South Africa's third-ranked mobile operator Cell C expects to unveil a joint venture with British entrepreneur Richard Branson's Virgin Group before the end of the month, Cell C said on Thursday.

Cell C said it was poised to unveil the tie-up with part of the Virgin empire, which would give the world-famous Virgin brand a long-coveted foothold in Africa's biggest market.

"Discussions with Virgin to form a joint venture service provider in South Africa are progressing well and we expect to be able to make an announcement in this regard before the end of September," the company said in a statement.

Analysts say the deal could pave the way for more foreign mobile firms to enter the South African market by piggybacking on existing operators, which could cut high call tariffs.

"I think Virgin will try and leverage its brand rather than cutting prices aggressively, but this deal will open the way for more virtual operators, which will eventually cut prices," said Citigroup telecoms analyst Rhys Summerton.

Cell C declined to say whether the Virgin service, called Virgin Mobile South Africa, would be cheaper than other operators, saying only that "brand helps a lot".

South Africa's communications regulator is investigating high mobile tariffs and has said tighter regulation or more competition is crucial to ensure a cheaper service.

Virgin pioneered the concept of a so-called mobile virtual network operator (MVNO), under which it avoids hefty investment by piggybacking on partner networks and Branson has long angled for a foothold in South Africa's booming cell phone market.

Unlisted Cell C said Virgin would act more like an enhanced service provider, since MVNOs were still illegal in South Africa's recently liberalised telecoms industry.

Virgin was not immediately available for comment.

Cell C Chief Executive Talaat Laham told a news conference the Saudi-backed firm had no immediate plans for a stock market listing but that it may be a possibility in two to three years.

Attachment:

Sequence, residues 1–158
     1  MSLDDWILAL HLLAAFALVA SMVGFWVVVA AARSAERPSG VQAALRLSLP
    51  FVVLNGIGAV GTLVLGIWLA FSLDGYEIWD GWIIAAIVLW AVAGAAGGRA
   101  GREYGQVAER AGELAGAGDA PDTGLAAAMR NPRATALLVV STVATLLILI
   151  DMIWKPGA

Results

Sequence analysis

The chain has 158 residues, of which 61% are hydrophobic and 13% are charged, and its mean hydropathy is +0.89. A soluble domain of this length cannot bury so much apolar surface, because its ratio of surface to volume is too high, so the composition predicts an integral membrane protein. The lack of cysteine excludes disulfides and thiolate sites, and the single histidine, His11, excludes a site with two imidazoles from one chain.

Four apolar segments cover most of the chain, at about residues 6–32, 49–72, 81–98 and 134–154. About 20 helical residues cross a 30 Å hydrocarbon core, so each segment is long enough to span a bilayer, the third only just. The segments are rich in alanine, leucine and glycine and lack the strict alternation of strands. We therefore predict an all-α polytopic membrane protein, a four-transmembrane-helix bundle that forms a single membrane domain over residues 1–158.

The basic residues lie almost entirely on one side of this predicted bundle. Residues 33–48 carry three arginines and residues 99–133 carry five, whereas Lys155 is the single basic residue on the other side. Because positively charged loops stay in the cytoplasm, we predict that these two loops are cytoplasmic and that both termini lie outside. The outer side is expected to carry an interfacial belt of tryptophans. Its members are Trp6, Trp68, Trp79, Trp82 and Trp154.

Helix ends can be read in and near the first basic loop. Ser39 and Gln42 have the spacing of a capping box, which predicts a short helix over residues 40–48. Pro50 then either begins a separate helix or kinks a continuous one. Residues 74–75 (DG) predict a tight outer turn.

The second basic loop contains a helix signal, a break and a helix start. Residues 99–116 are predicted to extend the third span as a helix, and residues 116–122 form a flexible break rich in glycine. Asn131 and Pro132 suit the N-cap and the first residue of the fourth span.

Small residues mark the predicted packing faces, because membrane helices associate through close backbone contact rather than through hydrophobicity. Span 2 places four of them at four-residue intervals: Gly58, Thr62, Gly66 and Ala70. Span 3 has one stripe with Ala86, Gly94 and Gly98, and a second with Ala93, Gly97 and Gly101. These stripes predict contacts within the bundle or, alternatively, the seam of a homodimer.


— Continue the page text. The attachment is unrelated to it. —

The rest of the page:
In results released to bond investors two days ago, Cell C said it increased its subscriber base to 2.49 million in the second quarter from 2.17 million and swung to a core profit.

Earnings before interest, tax, depreciation and amortisation

(EBIDTA) increased to 87.7 million rand ($13.48 million) in the quarter ended on June 30 from a loss of 3.5 million in the year-ago period.

Company spokesman Jonathan Newman told Reuters revenue in the second half would exceed that of the first half, and said the company was aiming to increase EBITDA to 9-10 percent of sales the full year, versus a negative margin in 2004.

Market share dipped to 10.5 percent from around 11 percent.

One analyst who asked not to be named said he believed Cell C, which launched in 2002, should sacrifice profit in the short term and focus on market share.

"I think they should have really invested to get market share up to 25 percent and stuck with a negative EBIDTA for longer," he said.

Cell C last month sold a $270 million senior subordinated bond and 400 million euros of first priority high-yield notes.

The company estimated it would probably spend less than its planned capital expenditure of 950 million rand this year and said it would not have to refinance again, but was finalising arrangements for a 50 million rand revolving loan facility with a local bank.